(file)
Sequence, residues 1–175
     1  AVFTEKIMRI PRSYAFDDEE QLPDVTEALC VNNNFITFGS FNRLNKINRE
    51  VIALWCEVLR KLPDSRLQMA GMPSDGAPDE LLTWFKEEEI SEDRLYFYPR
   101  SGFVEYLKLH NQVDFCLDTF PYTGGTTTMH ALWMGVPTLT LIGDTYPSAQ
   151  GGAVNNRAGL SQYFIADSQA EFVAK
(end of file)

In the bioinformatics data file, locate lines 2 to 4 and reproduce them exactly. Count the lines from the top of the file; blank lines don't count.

     1  AVFTEKIMRI PRSYAFDDEE QLPDVTEALC VNNNFITFGS FNRLNKINRE
    51  VIALWCEVLR KLPDSRLQMA GMPSDGAPDE LLTWFKEEEI SEDRLYFYPR
   101  SGFVEYLKLH NQVDFCLDTF PYTGGTTTMH ALWMGVPTLT LIGDTYPSAQ